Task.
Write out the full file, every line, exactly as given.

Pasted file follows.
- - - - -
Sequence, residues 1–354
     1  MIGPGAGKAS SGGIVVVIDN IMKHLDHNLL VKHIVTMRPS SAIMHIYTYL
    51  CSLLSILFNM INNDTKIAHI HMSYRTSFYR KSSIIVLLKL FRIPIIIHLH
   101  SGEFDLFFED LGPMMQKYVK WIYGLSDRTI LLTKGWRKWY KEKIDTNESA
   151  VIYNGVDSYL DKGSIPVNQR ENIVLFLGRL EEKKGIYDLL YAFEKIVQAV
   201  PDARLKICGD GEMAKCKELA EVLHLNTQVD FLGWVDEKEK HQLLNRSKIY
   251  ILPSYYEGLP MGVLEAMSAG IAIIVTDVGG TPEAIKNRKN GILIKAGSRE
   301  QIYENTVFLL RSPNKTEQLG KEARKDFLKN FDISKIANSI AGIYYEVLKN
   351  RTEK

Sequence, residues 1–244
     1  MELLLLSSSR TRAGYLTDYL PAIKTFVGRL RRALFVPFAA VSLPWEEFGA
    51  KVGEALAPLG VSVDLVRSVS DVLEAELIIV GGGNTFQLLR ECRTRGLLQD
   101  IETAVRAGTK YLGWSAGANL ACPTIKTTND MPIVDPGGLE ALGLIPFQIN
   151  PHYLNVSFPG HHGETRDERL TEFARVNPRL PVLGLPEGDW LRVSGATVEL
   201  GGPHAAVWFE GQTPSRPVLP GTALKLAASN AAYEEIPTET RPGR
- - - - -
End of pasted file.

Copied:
Sequence, residues 1–354
     1  MIGPGAGKAS SGGIVVVIDN IMKHLDHNLL VKHIVTMRPS SAIMHIYTYL
    51  CSLLSILFNM INNDTKIAHI HMSYRTSFYR KSSIIVLLKL FRIPIIIHLH
   101  SGEFDLFFED LGPMMQKYVK WIYGLSDRTI LLTKGWRKWY KEKIDTNESA
   151  VIYNGVDSYL DKGSIPVNQR ENIVLFLGRL EEKKGIYDLL YAFEKIVQAV
   201  PDARLKICGD GEMAKCKELA EVLHLNTQVD FLGWVDEKEK HQLLNRSKIY
   251  ILPSYYEGLP MGVLEAMSAG IAIIVTDVGG TPEAIKNRKN GILIKAGSRE
   301  QIYENTVFLL RSPNKTEQLG KEARKDFLKN FDISKIANSI AGIYYEVLKN
   351  RTEK

Sequence, residues 1–244
     1  MELLLLSSSR TRAGYLTDYL PAIKTFVGRL RRALFVPFAA VSLPWEEFGA
    51  KVGEALAPLG VSVDLVRSVS DVLEAELIIV GGGNTFQLLR ECRTRGLLQD
   101  IETAVRAGTK YLGWSAGANL ACPTIKTTND MPIVDPGGLE ALGLIPFQIN
   151  PHYLNVSFPG HHGETRDERL TEFARVNPRL PVLGLPEGDW LRVSGATVEL
   201  GGPHAAVWFE GQTPSRPVLP GTALKLAASN AAYEEIPTET RPGR